Sterling Ruby’s SP176 is a rich and luscious painting that investigates the nature of abstraction in the contemporary age. The verdant surface is part painting, part abstracted graffiti—what the artist himself describes as an “illicit merger,” inspired both by art history and the urban landscape of Los Angeles. Here, the striations of green sweep across this large-scale canvas creating a chromatic landscape-like composition of monumental proportion.
Ruby’s amorphous layering of spray paint upon canvas has its roots in street culture. His work occupies a distinctive position within the diverse trajectory of contemporary painting—a trajectory that runs from Abstract Expressionism through Pop Art, to the spray-can works of Christopher Wool, the explosive canvases of Julie Mehretu and the opulent stencils of Rudolf Stingel. Confronting the viewer with a mixture of anarchism and splendor, Ruby’s paintings broach issues of urban conflict through the artist’s own brand of incandescent abstraction, combining frenetic energy with kaleidoscopic visual effect. Covering these forms with translucent layers of spray paint, Ruby’s abstract canvases can be seen to mirror the process of obfuscation he witnessed in his urban surroundings. As in SP176, the dysfunctional becomes a springboard for the beautiful. “I have always thought of art as similar to poetry,” Ruby has said, “[in] that it can’t be proven and yet, if done right, has a sense of unmistakable aura” (S. Ruby quoted in J. Ribas, “Sterling Ruby: Sincerely Hostile,” Flash Art, no. 271, March-April 2010).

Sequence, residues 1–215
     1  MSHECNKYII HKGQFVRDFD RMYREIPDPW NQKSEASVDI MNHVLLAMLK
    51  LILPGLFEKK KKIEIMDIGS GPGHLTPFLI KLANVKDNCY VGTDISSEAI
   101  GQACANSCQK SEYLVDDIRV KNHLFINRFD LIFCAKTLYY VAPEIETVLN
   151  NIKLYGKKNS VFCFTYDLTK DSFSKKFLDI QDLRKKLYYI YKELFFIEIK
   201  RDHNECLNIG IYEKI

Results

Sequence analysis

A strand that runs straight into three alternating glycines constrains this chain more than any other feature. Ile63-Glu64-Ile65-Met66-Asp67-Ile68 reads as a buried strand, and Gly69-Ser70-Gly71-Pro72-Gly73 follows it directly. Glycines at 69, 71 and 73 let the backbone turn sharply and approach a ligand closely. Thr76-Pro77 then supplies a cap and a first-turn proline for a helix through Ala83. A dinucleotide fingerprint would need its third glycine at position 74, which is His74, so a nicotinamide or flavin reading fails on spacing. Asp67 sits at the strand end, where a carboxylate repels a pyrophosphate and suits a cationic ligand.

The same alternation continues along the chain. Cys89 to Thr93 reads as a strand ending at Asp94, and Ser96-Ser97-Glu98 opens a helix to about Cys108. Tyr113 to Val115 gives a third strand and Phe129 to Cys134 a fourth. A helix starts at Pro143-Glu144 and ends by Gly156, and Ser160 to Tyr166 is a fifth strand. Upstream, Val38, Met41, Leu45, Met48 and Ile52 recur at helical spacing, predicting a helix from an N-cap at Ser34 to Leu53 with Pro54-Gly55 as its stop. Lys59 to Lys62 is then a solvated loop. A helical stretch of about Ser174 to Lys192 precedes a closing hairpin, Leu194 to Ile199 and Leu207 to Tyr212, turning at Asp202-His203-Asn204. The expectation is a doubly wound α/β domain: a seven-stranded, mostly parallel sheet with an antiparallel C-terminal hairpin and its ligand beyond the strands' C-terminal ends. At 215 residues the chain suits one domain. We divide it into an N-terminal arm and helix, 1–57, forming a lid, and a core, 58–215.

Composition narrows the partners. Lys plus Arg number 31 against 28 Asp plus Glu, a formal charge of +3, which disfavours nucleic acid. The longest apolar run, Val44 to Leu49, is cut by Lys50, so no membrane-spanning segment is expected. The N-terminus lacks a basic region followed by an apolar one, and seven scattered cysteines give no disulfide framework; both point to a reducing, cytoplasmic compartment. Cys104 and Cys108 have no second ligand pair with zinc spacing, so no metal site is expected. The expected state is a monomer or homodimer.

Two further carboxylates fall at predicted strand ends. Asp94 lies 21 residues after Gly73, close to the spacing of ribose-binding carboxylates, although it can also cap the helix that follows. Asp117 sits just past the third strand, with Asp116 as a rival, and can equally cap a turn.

A range of experiences including time spent working in construction, a brief career as a professional skateboarder, and work as a teaching assistant for Mike Kelley all formed the enigma that is Sterling Ruby. Ruby's background and upbringing were as diverse and unique as his artistic style is today. His creativity, similar to the masculinity he analyzes, is not limited to one medium, form, or scale. Hailed by New York Times art critic Roberta Smith as one of the most interesting artists to emerge in the twenty-first century, Ruby channels his frenetic energy through painting, video, sculpture, ceramics, collage, installation art and photography.
Ruby has given SP176 a hazy texture that blurs one's perception of depth and space. A vibrant mist of green spans the width of the work in a multifaceted composition of varied texture and coloring. Upon first encounter, the enormous painting's palette and extremely worked surface emit a heavy pathos and a looming sense of unease. Indeed, Ruby's painterly practice has been described as “the sublime refinement of Mark Rothko crossed with the anarchic gestures of spray-can graffiti” (J. Deitch quoted in The Painting Factory: Abstraction after Warhol, exh. cat., Museum of Contemporary Art, Los Angeles, 2012, p. 6). Ruby’s works are within such collections as The Museum of Contemporary Art, Los Angeles, The Museum of Modern Art, New York, The Guggenheim, New York, Rubell Family Collection, Miami and Astrup Fearnley Museet for Moderne Kunst, Oslo.